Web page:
Point Vicente is located just seven miles from the light on Point Fermin, but ships approaching from the north are unable to see that light until within four miles of Point Vicente, as it is blocked by Point Vicente. The planned opening of the Panama Canal in 1914 promised to dramatically increase the number of ships that would benefit by a light on Point Vicente.
Delays in acquiring the twelve-acre parcel of desired land postponed construction until 1922, and then the high cost of material and labor further delayed the project until 1924. Frank A. Vanderlip purchased the Palos Verdes Peninsula in 1913, and as he had planned to construct an artisans’ village atop Point Vicente modeled after the Italian seaside village of Neri, he was reluctant to relinquish the property. A United States district attorney prepared data for a condemnation suit for the parcel, and proceedings were set to begin on March 19, 1918, when the suit was postponed pending further negotiations with the landowner. The Department of Justice was requested to reopen condemnation proceedings in late 1919, and this action likely led to the Vanderlip making a satisfactory offer to the government. An abstract of title to the property was obtained by January 1921, and the Lighthouse Service Bulletin announced the following October that a clear title had finally been obtained.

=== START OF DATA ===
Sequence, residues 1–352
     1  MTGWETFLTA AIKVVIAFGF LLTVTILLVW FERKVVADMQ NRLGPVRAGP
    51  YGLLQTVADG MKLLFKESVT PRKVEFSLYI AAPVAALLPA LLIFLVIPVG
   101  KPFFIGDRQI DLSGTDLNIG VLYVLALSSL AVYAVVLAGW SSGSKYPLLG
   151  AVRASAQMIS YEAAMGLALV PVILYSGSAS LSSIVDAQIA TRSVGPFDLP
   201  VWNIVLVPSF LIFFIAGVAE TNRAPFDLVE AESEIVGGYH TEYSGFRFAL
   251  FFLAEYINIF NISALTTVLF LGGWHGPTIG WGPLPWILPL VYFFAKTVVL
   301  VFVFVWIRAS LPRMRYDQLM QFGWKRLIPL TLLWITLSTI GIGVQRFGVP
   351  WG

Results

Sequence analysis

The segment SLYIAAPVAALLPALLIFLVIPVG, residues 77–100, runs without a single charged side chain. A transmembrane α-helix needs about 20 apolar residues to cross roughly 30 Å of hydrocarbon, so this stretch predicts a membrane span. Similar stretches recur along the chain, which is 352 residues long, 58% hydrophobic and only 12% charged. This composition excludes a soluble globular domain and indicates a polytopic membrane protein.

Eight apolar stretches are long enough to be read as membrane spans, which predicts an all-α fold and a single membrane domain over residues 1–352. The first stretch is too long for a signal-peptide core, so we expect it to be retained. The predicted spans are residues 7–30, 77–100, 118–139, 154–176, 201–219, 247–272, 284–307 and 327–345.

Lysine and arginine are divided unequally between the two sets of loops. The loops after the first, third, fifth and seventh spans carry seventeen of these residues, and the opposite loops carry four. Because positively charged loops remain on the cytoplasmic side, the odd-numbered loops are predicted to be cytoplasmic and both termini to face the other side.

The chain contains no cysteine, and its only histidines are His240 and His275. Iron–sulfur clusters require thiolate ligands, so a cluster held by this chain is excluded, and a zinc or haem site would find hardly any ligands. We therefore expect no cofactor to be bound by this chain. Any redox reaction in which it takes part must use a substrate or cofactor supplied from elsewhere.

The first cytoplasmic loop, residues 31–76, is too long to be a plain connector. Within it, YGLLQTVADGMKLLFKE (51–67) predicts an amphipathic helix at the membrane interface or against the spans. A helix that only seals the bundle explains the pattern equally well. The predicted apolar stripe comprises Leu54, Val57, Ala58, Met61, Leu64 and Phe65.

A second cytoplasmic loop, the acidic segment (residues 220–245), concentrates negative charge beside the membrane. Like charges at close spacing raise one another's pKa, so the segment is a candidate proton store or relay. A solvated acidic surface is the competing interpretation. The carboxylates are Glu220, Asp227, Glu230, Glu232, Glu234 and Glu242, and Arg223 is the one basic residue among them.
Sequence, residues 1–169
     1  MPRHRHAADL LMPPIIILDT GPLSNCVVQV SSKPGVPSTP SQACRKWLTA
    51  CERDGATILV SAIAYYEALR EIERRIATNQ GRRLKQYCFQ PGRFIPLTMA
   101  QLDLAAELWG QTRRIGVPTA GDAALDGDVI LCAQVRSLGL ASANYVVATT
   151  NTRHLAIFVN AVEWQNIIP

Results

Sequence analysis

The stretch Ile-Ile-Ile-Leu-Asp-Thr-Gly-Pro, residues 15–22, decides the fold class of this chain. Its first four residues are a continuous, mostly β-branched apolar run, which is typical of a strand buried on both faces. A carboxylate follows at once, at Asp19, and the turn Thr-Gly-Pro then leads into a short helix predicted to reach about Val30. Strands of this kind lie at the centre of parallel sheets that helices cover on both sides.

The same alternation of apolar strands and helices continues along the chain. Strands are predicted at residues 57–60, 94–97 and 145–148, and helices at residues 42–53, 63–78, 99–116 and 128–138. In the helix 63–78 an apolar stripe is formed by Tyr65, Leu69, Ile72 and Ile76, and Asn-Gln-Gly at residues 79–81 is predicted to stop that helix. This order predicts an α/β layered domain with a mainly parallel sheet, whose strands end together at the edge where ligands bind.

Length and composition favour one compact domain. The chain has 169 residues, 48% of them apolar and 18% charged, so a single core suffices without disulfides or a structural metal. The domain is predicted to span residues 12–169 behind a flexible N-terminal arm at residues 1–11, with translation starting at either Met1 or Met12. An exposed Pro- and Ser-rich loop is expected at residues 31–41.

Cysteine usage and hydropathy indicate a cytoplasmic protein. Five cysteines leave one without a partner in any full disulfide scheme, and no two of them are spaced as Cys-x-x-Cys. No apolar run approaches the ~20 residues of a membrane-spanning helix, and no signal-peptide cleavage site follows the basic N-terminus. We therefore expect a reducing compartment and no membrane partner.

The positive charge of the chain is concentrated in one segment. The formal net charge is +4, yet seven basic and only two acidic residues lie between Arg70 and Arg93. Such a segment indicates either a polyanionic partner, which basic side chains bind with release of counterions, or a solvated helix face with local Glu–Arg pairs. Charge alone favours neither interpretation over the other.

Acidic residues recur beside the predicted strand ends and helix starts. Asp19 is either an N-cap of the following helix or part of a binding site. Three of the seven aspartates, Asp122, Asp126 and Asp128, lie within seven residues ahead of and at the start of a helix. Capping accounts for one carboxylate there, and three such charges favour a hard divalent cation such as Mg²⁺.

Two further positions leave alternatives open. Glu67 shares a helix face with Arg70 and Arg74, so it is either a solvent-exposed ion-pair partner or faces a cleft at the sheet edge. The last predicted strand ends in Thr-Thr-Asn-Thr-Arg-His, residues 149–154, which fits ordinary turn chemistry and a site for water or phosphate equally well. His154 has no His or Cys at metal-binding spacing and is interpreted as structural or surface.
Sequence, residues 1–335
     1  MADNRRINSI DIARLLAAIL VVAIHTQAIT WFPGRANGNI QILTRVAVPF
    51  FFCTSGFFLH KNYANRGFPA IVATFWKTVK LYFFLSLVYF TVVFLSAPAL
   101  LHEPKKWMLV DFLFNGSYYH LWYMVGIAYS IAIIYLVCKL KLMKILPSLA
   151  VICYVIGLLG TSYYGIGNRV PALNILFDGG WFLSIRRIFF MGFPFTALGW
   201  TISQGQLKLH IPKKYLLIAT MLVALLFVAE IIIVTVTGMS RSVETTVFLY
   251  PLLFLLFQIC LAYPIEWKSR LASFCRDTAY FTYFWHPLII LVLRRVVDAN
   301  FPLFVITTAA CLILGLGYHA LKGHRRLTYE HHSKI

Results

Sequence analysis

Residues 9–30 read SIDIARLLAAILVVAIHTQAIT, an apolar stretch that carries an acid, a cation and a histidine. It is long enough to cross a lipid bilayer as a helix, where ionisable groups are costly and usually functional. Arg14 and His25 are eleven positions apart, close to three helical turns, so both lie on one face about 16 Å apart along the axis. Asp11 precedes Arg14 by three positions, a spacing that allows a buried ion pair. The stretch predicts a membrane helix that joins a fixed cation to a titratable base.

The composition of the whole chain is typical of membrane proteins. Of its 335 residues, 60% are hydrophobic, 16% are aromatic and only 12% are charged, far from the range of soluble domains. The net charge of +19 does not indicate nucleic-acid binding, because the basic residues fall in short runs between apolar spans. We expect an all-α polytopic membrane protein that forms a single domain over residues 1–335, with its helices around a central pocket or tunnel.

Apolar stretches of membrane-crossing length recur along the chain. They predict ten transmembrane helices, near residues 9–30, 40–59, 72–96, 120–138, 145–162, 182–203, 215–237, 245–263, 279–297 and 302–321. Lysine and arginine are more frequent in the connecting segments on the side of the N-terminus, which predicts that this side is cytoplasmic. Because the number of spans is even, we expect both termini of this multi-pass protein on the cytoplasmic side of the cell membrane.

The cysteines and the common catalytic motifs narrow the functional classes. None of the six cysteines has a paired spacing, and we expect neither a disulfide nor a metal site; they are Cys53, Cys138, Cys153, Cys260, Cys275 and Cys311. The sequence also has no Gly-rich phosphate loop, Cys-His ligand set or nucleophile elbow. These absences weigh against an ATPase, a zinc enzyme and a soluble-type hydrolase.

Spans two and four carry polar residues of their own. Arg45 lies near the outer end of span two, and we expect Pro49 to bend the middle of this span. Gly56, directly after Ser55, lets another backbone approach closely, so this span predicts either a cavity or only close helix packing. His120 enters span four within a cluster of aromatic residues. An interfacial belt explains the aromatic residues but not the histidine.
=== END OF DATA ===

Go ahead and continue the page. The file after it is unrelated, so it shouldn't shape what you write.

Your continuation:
Bids for constructing two dwellings for keepers and a fog-signal building were opened on August 22, 1922, but they were rejected because of excessive cost. The plans were revised to call for frame construction, stuccoed exteriors, and tile roofs for the three keeper’s dwellings and fog-signal building, and a bid of $36,990 for this work was accepted in 1924.